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The Postmodern and the Postindian: The Poetics and the Politics of The Tricksters of Liberty Iping Liang National Taiwan Normal University March 27, 2009.

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Presentation on theme: "The Postmodern and the Postindian: The Poetics and the Politics of The Tricksters of Liberty Iping Liang National Taiwan Normal University March 27, 2009."— Presentation transcript:

1 The Postmodern and the Postindian: The Poetics and the Politics of The Tricksters of Liberty Iping Liang National Taiwan Normal University March 27, 2009

2 Outline 1. the postmodern turn 2. the postindian turn 3. The Trickster of Liberty: Tribal Heirs to a Wild Baronage (1989) 4. Conclusion

3 by way of seeing

4 Mona Lisa (1503)

5 Mona Lisa at the Louvre

6 Modern Modern generally means something that is "up-to-date," "new," or from the present time. new the present time the immediate moment novel; fashionable

7 Modern Art beginning in the 1860s Édouard Manet Le déjeuner sur l’herbe, 1863 making new getting out of the studio; going to nature turning away from the nobilities going to the ordinary

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9 Impressionism Claude Monet Impression: Sunrise, 1872 bold, broken, and visible brushwork open composition ordinary objects nuances of the light the glance of a moment (impression) impression, not realism of the sight

10 Impression: Sunrise (Claude Monet, 1872)

11 The Stroll (Claude Monet, 1875)

12 Saint-Lazare Station (Claude Monet, 1877)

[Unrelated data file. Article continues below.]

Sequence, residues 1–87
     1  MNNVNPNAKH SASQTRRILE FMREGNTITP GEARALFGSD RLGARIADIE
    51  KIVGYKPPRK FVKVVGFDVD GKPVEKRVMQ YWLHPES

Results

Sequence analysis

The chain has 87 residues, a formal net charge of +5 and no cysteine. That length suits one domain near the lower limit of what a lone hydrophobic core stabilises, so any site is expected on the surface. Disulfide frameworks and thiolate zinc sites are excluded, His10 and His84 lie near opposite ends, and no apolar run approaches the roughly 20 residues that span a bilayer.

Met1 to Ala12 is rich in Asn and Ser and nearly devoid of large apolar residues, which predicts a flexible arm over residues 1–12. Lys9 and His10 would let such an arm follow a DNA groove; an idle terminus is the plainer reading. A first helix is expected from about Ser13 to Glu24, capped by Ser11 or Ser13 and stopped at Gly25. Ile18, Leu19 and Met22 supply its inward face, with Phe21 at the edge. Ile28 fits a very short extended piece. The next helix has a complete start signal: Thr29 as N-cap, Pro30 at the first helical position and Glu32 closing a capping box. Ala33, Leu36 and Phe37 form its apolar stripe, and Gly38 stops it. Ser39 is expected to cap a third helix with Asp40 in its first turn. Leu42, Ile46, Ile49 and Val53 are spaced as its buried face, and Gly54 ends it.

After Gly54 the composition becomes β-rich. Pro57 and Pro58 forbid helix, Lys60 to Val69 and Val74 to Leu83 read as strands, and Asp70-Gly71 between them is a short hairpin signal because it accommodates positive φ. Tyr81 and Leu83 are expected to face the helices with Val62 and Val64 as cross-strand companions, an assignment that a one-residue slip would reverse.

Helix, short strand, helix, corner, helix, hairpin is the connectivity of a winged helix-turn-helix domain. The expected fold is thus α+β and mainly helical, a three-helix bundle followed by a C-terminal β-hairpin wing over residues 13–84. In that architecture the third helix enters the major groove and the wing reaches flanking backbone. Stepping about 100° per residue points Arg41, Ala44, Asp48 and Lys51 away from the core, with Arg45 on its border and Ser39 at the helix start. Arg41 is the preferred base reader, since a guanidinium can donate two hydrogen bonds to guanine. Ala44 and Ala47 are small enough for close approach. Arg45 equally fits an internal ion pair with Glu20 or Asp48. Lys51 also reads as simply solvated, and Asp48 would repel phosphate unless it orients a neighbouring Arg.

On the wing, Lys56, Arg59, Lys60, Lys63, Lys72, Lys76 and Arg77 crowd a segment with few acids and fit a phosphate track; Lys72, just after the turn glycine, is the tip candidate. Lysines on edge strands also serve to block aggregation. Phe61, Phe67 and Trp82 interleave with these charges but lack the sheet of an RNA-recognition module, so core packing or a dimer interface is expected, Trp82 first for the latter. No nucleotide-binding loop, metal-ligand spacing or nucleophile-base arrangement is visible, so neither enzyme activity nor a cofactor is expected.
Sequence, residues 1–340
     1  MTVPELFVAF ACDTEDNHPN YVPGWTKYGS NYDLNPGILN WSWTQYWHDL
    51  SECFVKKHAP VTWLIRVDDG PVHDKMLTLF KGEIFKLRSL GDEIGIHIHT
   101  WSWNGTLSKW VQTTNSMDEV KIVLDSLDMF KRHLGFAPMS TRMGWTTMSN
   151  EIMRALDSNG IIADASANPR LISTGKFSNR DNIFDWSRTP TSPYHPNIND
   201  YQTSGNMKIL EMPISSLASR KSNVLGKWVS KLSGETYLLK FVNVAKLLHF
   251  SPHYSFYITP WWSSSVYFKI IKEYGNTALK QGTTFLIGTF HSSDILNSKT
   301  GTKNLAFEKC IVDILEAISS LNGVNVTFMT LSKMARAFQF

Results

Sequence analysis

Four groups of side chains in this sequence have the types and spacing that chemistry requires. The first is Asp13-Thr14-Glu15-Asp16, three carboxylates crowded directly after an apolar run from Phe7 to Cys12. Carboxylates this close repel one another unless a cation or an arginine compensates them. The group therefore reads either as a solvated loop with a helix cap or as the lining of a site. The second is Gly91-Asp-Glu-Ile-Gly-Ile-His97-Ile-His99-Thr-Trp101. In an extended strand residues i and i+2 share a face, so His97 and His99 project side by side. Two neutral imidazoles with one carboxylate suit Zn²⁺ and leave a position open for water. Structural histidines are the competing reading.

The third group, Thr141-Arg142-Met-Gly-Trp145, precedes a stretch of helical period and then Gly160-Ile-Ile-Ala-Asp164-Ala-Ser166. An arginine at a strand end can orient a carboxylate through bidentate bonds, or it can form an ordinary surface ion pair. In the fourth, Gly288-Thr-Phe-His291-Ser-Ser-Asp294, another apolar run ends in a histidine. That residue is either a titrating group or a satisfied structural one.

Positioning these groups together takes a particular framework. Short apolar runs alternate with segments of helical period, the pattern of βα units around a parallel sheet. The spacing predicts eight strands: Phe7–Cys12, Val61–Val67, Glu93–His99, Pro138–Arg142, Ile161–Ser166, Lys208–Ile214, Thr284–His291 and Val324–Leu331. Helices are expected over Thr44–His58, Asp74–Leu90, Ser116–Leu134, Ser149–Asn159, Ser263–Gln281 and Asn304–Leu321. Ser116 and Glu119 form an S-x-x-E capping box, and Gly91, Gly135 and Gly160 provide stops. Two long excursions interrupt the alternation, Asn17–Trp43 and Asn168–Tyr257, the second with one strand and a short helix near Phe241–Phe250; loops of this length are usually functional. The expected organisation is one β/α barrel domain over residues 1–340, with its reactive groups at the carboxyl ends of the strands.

13 Water Lilies (Claude Monet, 1903)

14 Late Impressionism Self-Portrait (Vincent van Gogh, 1889)

15 Late Impressionism Van Gogh’s Room at Arles (Vincent van Gogh, 1889)

16 Late Impressionism The Starry Night (Vincent van Gogh, 1889)

17 A Pair of Shoes (1887)

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19 Fredric Jameson Born in Ohio in 1934; went to Germany after college; studied European philosophy and got his Ph. D. from Yale, focusing on Sartre and existentialism Turned to Marxist and the postmodern studies after 1970; currently teaching at Duke University

20 Marxism and Form: Twentieth Century Dialectical Theories of Literature (1971)

21 The Political Unconscious: Narrative as a Socially Symbolic Act (1981)

22 Postmodernism or the Cultural Logic of Late Capitalism (1991)

23 The Scream Edvard Munch (1893)

24 In the age of the postmodern, aesthetic production is integrated with commodity production 。 The design of postmodern architecture is connected with transnational capitals. depthlessness (loss of historicity)

25 In the postmodern age, the notion of historicity is under siege. pastiche vs. parody flatness vs. depth horizontal vs. vertical metonymy vs. metaphor repetition vs. condensation fragmentation vs. totalization

26 Commodification of Van Gogh

27 Art? Commodity? (Murakami Takashi)

28 LV’s designed by M. Takashi

29 Postmodern architecture at home with fashion: TOD’s flagship headquarter in Tokyo

30 MIKIMOTO in Tokyo by Ito Toyoo ( 伊東豐雄 )

31 Postmodern: Collage Barbara Kruger

32 Postmodern: Collage Barbara Kruger

33 Postmodern: Collage / Irony Barbara Kruger

34 Untitled (1991)

35 One Hundred Cans Andy Warhol, 1962

36 Campbell’s Tomato Soup Can, 1962

37 Elizabeth Taylor, Red, 1964

38 Marilyn Monroe, Green, 1967

39 Mao, 1972

40 Postmodern: Challenge Uniqueness Marilyn Monroe

41 Postmodern: Challenge Uniqueness Che Guevara

42 Postmodern: Depthless Art Campbell soup cans

43 parody vs. pastiche

44 The Persistence of Memory (Salvador Dali, 1931)

45 Postmodern: appropriation with a twist

46 A Pair of Shoes (1887)

47 Diamond Dust Shoes by Andy Warhol (1980)

48 The Two Mysteries (René Magritte, 1966)

49 Ceci n’est pas une pipe René Magritte (1928)

50 Gerald Vizenor

51 Biography 1934: born in Minneapolis, Minnesota Father was murdered when he was two and he’s raised by his Anishinaabe grandmother and Swedish American mother. the 1950s: dispatched to Japan the 1960s: a community activist Since the 1970s: taught Native American Studies at various universities; currently at the University of New Mexico